What Happens in a Secure AS2 Exchange

This article outlines the flow of secure EDI communication between you and your trading partners while using AS2. You will learn the key steps and technologies involved. In Arc, the AS2 Connector makes it easy to automate these steps and work with these technologies.

For a guide to getting started with AS2 in Arc, see the "Connectors" chapter of the help documentation.

AS2 at a Glance

For all of its complexity in terms of its applications, AS2 boils down to two basic parts: A document is sent from an AS2 sender to an AS2 receiver via HTTP, which is a very flexible client-server protocol that serves as the backbone of the World Wide Web. The receiver acknowledges the transfer by providing the sender with a receipt.

The following illustration demonstrates the different steps that are taken in further detail.

The AS2 cycle.

Step 1: EDI Document Preparation

In an AS2 exchange, any type of document can be sent. Typically, however, most trading partners will implement a standard for specific document types.

The most common document types are EDI X12 documents (.x12 or .edi files), EDIFACT documents (.edifact files), or XML files (.xml files) The preparation of the document takes place before the AS2 communication begins.

EDI (Electronic Data Interchange) is a general term for the transfer of documents between trading partners and the standards that are adhered to therein. It is also represented as EDIINT (EDI over the Internet).

Step 2: AS2 Packaging

The AS2 document is prepared for sending. This consists of three types of document transformation. If the document consists of data that is compressible (i.e., not binary data), the document may be compressed using the zlib compression algorithm in order to reduce the size of the transported data. The data is typically signed using the private key of the sender in order to ensure the sender's identity as the creator of the document (usually with the SHA-1 signing algorithm). Finally, the data may be encrypted using the receiver's public key so only the trading partner will be able to read the data (usually using the 3DES encryption algorithm). This step may be skipped if the data is going to be delivered by a secure transport mechanism, such as HTTPS.

S/MIME is the set of standards used for the encryption and signing of a message/document. It not only governs the functions of signing and encryption, but it also provides standards for the formatting of the final message so that a compliant reader will be able to easily identify the structure of the message.

Step 3: HTTP/S Delivery

The prepared document is then delivered over the Internet to the trading partner's Web Server (over the HTTP or HTTPS protocol).

Step 4: AS2 Unpackaging

The receiver of the prepared document then unpackages to retrieve the EDI document. If the data was encrypted, the prepared document is then decrypted using the receiver's private key. If the data was signed, the signature on the document is verified using the sender's public key in order to ensure the identity of the sender. If the document has been compressed, the prepared document is then decompressed in order to produce the original EDI document.

Step 5: EDI Processing

At this point, the AS2 receiver passes the unpackaged EDI document to any back-end process that handles the data in order to perform any additional business logic. Now, the EDI document is parsed, and the receiver may even initiate a new AS2 transaction where the roles of sender and receiver are reversed. In particular with EDI-X12 documents, a 997 Functional Acknowledgement is often sent to the original sender in order to signify that the original EDI document was processed in the back-end business logic.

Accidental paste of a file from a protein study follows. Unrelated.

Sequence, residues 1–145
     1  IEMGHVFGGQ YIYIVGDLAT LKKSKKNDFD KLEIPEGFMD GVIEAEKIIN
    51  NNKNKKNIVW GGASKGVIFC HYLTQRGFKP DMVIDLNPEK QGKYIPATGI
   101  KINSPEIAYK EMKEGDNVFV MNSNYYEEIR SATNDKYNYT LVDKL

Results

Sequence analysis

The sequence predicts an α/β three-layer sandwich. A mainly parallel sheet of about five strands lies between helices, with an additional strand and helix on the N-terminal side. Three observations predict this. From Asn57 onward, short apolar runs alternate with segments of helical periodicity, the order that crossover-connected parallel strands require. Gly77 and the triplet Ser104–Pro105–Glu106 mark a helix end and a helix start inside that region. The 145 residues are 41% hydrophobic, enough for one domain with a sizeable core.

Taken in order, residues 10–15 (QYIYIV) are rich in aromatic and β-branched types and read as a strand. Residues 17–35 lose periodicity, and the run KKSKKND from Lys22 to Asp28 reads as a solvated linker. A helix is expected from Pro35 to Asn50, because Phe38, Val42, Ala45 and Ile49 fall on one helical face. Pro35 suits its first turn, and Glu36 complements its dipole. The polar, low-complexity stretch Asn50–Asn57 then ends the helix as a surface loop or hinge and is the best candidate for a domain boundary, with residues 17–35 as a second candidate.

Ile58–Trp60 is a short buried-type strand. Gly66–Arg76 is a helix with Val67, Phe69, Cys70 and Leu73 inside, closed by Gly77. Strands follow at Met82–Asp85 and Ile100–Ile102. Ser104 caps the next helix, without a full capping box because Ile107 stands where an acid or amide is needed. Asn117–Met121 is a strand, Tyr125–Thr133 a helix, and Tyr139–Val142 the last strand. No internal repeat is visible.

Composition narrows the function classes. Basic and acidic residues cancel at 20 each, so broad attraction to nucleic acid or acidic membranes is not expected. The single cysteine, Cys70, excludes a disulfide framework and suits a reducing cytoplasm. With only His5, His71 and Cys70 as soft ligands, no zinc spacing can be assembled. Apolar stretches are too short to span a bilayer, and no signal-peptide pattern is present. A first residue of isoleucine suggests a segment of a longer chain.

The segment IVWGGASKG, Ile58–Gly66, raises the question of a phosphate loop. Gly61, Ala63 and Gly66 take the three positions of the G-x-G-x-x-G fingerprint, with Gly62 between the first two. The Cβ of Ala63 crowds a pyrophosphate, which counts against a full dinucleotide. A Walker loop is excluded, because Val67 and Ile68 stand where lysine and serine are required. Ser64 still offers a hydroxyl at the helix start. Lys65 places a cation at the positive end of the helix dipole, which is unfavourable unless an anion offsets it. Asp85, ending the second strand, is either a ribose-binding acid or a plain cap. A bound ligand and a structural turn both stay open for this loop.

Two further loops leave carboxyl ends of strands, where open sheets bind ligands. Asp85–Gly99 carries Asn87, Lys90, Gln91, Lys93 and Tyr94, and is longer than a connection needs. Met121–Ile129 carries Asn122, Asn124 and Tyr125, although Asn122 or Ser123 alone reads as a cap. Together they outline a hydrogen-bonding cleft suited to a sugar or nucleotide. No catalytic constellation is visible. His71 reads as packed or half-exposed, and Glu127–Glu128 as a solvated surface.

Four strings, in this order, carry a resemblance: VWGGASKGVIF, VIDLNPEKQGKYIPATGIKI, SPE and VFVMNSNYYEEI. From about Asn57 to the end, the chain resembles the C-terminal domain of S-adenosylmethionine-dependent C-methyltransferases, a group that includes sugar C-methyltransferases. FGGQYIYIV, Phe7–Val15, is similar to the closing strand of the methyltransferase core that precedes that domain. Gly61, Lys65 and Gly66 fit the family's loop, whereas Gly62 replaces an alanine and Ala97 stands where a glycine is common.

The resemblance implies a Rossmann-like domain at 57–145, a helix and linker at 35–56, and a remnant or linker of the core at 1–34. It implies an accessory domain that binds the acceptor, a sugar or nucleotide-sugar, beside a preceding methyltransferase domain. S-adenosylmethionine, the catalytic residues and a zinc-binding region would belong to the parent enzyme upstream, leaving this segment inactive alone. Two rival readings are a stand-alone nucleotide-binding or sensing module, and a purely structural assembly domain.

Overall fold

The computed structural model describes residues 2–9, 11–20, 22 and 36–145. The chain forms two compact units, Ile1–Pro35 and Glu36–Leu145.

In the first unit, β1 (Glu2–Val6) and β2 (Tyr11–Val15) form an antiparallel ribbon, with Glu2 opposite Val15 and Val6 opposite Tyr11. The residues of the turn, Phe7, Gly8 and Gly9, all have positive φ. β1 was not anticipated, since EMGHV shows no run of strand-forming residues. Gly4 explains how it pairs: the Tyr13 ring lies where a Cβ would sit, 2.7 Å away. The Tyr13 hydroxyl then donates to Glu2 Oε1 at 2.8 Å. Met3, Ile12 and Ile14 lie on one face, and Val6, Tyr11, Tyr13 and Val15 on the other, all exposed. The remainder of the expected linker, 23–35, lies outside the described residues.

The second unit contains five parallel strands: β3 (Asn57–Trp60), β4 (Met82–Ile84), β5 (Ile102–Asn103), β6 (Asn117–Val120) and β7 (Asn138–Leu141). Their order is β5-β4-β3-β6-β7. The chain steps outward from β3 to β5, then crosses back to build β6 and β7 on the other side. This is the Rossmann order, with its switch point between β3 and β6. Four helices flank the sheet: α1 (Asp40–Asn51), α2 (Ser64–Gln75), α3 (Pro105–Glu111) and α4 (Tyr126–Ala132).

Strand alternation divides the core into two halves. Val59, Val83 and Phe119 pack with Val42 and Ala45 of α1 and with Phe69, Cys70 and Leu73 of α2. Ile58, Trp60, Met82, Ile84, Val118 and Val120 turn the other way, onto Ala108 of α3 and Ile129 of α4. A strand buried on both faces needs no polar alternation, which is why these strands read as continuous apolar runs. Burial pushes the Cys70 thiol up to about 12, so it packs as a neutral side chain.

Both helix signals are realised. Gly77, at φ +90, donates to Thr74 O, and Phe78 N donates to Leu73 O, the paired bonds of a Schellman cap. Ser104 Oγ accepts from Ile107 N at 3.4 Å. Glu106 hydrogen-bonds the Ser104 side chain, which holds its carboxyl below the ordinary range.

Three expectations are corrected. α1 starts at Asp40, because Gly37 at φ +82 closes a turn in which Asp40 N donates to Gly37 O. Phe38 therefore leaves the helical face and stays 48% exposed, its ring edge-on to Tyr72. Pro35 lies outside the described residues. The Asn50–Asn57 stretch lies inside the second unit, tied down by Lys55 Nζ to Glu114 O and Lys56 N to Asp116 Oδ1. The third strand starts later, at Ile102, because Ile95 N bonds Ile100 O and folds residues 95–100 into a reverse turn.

Step 6: MDN Reply

The receiver sends back an MDN (Message Delivery Notification) to the sender, and this MDN is- in most cases- signed with the receiver's private key. The MDN is a receipt that is returned in an AS2 exchange, and the MDN is used to report to the sender what was received and whether or not it was successfully received.

The MDN contains information about whether or not the document was successfully unpackaged. The MDN also contains a message digest that is calculated over the received payload. The MDN is then returned to the sender in one of two ways, and the respective ways depend on how the sender asked for the MDN to be delivered. In a synchronous transaction, the receiver returns the MDN in the HTTP reply from the receiver's Web server. In an asynchronous transaction, the HTTP reply contains a simple acknowledgement (200 OK), and the MDN is returned over a separate connection. This is usually the case if the unpackaging of the AS2 transmission is expected to take a while.

Step 7: MDN processing

When the sender receives the MDN from the receiver, the MDN signature will be verified if the MDN was signed. The status of the MDN will be checked to see if the receiver was successful in processing the transaction or if they encountered an error that was reported in the MDN. Finally, the message digest reported in the MDN is matched against a message digest that was calculated over the EDI data that was sent. With a signed MDN, the sender can verify that the receiver of the message received the entire contents of the EDI document as it was intended to be delivered.

Next Steps

You can use the Arc sample AS2 Connector as a template for setting up AS2 with your trading partner. You can also find videos and walkthroughs in the KB, including how to connect AS2 to your back-office processing.

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